And it is certainly not difficult to draw historical parallels with the current crisis from these observations.

THE PROBLEMS OF THE CHURCH OF THE EAST
Two questions that are frequently posed still remain open. There is the one concerning the practice of celibacy on the part of the Catholic Church of the Byzantine empire and of the Eastern rite, which does not admit marriage for bishops and monks but grants it for priests on the condition that they be married before they receive the sacrament. And taking precisely this practice as their example, there are some who ask if it could not be adopted by the Latin West as well.

In this regard must be emphasized in the first place that it was precisely in the East that the practice of abstinent celibacy was held to be binding. And it was only during the Council of 691, called “Quinisextum” or “Trullanum,” when the religious and cultural decadence of the Byzantine empire was evident, that the rupture with the apostolic patrimony was reached. This Council, influenced to a great extent by the emperor, who wanted new legislation to restore order in relations, was never recognized by the popes. It was precisely then that the Church of the East adopted its practice. When later, beginning in the 16th and 17th centuries, and afterward, various Orthodox Churches returned to the Church of the West, the problem was posed in Rome about how to deal with the married clergy of those Churches. The various popes decided, for the good and unity of the Church, not to require any modification in their way of life for priests who had returned to the mother Church.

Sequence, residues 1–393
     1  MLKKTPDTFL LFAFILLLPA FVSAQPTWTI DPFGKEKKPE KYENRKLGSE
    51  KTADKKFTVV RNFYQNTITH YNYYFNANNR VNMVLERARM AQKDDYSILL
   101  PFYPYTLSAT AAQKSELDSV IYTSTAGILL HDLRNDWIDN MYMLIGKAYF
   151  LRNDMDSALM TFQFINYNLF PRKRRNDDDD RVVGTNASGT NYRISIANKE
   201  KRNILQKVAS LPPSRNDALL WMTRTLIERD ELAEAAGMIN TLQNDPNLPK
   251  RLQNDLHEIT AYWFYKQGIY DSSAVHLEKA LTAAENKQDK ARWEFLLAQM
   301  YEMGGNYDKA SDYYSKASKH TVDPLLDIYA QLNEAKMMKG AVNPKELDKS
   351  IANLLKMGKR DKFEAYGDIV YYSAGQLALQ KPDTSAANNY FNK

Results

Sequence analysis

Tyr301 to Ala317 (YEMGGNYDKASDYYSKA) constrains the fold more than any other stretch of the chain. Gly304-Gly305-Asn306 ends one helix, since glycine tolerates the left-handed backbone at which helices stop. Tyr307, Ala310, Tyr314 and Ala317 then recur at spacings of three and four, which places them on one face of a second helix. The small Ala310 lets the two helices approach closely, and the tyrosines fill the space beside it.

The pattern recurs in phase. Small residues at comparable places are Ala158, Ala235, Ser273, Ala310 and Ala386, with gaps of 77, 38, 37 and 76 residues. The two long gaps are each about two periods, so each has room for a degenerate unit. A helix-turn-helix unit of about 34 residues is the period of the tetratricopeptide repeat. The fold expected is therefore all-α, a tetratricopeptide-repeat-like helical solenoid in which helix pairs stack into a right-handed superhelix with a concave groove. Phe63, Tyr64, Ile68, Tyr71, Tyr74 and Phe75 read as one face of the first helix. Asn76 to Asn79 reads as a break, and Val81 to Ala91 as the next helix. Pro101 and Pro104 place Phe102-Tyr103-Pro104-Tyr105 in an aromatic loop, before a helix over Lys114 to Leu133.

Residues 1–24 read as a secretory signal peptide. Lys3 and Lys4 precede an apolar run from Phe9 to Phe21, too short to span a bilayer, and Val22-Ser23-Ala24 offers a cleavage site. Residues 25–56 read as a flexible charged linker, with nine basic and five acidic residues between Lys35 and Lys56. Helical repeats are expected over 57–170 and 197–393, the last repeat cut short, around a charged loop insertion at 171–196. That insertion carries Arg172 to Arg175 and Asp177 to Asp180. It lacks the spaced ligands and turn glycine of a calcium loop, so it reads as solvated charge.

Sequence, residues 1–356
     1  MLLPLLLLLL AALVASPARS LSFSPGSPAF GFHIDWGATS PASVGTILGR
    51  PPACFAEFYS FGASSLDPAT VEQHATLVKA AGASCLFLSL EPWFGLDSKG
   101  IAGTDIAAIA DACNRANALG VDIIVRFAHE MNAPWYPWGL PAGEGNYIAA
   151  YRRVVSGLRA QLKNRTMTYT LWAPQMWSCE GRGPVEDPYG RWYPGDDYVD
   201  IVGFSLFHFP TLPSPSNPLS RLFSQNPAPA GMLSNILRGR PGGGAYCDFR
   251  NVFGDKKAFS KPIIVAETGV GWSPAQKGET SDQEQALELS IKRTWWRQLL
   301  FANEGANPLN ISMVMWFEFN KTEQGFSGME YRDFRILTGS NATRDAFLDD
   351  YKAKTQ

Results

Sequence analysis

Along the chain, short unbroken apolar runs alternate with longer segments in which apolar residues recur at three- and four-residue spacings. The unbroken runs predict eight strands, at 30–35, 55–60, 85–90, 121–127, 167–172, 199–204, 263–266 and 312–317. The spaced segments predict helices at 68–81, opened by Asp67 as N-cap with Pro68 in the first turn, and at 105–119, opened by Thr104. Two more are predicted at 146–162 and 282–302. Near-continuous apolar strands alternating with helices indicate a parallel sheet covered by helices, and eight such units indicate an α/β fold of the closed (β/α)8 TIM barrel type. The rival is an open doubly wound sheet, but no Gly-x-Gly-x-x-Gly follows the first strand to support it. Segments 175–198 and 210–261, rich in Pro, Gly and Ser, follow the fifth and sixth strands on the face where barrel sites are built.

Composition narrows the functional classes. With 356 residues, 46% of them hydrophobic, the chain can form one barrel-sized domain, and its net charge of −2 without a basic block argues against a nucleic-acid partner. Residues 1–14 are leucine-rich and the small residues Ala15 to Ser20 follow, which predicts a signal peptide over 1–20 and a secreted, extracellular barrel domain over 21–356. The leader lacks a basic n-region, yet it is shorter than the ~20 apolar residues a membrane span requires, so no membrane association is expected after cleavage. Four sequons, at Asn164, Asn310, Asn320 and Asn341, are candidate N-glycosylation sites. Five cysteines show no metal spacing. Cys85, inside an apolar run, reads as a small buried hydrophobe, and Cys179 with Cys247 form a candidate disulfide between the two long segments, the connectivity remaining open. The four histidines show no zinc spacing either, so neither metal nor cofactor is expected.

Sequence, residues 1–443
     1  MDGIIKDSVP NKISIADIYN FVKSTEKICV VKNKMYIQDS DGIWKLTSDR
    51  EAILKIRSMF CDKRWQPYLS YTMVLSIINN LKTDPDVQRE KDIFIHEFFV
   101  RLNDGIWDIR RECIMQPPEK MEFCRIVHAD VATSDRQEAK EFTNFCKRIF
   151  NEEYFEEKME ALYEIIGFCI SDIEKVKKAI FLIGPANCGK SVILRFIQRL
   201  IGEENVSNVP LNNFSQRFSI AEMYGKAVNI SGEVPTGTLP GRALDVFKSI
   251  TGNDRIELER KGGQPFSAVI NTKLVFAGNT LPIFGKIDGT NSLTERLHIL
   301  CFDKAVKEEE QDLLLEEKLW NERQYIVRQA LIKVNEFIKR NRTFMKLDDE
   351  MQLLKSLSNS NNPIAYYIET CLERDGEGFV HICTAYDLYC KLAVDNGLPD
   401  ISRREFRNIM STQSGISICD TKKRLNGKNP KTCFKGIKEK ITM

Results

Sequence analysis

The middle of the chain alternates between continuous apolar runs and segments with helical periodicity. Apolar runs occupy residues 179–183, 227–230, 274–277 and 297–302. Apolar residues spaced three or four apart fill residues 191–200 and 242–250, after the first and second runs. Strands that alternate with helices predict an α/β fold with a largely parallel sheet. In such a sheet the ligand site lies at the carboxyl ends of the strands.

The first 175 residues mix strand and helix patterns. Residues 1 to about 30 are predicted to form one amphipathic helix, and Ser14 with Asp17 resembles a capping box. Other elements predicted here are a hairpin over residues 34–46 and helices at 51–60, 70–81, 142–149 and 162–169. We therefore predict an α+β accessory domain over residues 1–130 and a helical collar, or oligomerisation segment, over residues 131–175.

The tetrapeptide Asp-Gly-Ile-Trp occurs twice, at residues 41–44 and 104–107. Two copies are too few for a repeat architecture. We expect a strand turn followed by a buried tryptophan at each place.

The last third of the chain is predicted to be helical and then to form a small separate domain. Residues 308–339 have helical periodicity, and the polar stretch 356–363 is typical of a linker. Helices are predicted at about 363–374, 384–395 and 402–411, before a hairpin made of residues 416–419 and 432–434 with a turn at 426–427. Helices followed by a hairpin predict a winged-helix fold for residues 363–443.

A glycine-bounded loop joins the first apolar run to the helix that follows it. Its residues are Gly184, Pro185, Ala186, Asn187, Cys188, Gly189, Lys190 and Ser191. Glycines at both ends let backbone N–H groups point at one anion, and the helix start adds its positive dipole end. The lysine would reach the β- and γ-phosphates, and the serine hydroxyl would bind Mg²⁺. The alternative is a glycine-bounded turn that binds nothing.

THE EXCEPTION IN OUR TIME
There is a similar motivation behind the papal dispensation from celibacy granted – beginning with Pius XII – to the Protestant pastors who convert to the Catholic Church and want to be ordained priests. This rule was recently applied by Benedict XVI to the numerous Anglican prelates who wanted to unite, in conformity with the apostolic constitution “Anglicanorum Coetibus,” with the Catholic mother Church. With this extraordinary concession, the Church recognizes the long and sometimes painful religious journey of these men of faith who have reached their destination with conversion. A destination that in the name of truth leads those directly concerned to renounce even the financial support realized until that moment. It is the unity of the Church, a good of immense value, that justifies these exceptions.

BINDING PATRIMONY?
But apart from these exceptions, the other fundamental question is raised, and that is: can the Church be authorized to renounce an evident apostolic patrimony?